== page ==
Kazimierz Kuratowski was a Polish mathematician who was one of the leading representatives of the Warsaw School of Mathematics. He studied engineering and obtained his Ph.D. in 1921. He went on to pursue a successful academic career as a professor of mathematics at Lwów Polytechnic in Lwów. He helped establish the State Mathematical Institute after World War II.
Alexander Imich was a Polish-American parapsychologist, chemist, writer, and zoologist. A supercentenarian, Imich was recognized by the Guinness World Records as the oldest man in the world. He enjoyed this privilege for around 1.5 months before passing away on June 8, 2014, at the age of 111. Sakari Momoi of Japan succeeded Alexander Imich as the world's oldest man.
Władysław Turowicz was a Polish-Pakistani aviator, aeronautical engineer, and military scientist. After World War II, Turowicz decided to move to Pakistan due to the political situation in Poland. He then played a major role in building the Pakistan Air Force (PAF); his efforts inspired a 2008 documentary film. Władysław Turowicz remains a highly respected figure in Pakistan.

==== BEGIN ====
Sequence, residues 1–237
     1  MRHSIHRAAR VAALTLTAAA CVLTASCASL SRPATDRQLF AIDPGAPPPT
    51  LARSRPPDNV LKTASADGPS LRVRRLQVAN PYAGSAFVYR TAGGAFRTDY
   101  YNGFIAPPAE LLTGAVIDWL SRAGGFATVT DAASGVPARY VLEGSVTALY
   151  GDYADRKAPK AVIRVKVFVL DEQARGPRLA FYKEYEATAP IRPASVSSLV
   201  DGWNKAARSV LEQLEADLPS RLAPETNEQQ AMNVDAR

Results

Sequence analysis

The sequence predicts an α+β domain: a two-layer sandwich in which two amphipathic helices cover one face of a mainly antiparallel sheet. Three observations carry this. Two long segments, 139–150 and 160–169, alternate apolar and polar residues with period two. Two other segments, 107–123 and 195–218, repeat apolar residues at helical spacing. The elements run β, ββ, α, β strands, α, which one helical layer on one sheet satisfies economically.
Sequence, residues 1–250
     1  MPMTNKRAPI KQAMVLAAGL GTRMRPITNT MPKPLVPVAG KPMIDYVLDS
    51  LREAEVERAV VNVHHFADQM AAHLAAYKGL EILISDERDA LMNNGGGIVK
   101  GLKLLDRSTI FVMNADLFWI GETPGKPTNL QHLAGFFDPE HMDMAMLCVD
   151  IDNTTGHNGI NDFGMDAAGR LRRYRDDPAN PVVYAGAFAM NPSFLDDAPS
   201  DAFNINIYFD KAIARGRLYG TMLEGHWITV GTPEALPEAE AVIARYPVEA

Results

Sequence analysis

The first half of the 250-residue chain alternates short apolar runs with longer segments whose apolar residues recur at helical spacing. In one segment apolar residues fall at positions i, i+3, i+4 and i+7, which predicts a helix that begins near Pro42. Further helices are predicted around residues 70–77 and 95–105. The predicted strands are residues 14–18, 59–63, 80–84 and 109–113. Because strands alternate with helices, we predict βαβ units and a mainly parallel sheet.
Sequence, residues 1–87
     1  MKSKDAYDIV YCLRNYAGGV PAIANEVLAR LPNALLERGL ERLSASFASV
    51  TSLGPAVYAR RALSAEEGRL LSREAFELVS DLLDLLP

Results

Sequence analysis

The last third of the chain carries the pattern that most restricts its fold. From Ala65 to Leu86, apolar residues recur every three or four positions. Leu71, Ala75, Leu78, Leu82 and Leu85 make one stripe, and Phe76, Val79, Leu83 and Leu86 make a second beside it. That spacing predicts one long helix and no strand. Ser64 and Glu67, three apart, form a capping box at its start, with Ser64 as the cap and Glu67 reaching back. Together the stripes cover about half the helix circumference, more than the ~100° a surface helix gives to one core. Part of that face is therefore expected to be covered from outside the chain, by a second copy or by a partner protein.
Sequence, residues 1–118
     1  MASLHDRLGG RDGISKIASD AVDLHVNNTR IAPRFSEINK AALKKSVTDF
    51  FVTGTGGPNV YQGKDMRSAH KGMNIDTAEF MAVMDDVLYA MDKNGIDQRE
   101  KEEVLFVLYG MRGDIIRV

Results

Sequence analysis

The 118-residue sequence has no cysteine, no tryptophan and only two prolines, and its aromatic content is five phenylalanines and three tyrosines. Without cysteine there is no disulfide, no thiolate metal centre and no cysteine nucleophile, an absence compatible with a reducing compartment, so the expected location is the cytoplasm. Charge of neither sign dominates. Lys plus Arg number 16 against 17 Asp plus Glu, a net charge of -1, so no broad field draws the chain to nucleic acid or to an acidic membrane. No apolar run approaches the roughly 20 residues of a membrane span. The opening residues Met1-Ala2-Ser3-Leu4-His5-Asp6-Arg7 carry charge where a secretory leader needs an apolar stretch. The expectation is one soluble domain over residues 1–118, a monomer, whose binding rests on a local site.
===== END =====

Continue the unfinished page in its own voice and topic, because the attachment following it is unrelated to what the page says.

Ewald Georg von Kleist was an 18th-century German jurist and physicist. He studied jurisprudence at the University of Leipzig and the University of Leyden. He served as the dean of the cathedral at Kamień Pomorski in the Kingdom of Prussia for over two decades, after which he was appointed the president of the royal court of justice in Koszalin.
Apart from being a Catholic priest, Michał Heller is also a mathematical cosmologist and a professor. The Templeton Prize-winner was born in Poland, but he later fled with his family to the USSR, to escape the Nazis, and lived in Siberian labor camps. His current research deals with general relativity.
Antoni Zygmund was a Polish mathematician who specialized in the area of mathematical analysis. He is regarded as one of the greatest analysts of the 20th century. He was a co-founder of the Chicago school of mathematical analysis. He was a member of several scientific societies and the recipient of numerous awards, including the National Medal of Science in 1986.
Swiss chemist Tadeusz Reichstein is remembered for his Nobel Prize-winning research on the hormones of the adrenal cortex. He also taught pharmaceutical chemistry and organic chemistry at the University of Basel and independently discovered the synthesis of vitamin C. At 99, he was the oldest-living Nobel laureate until his death.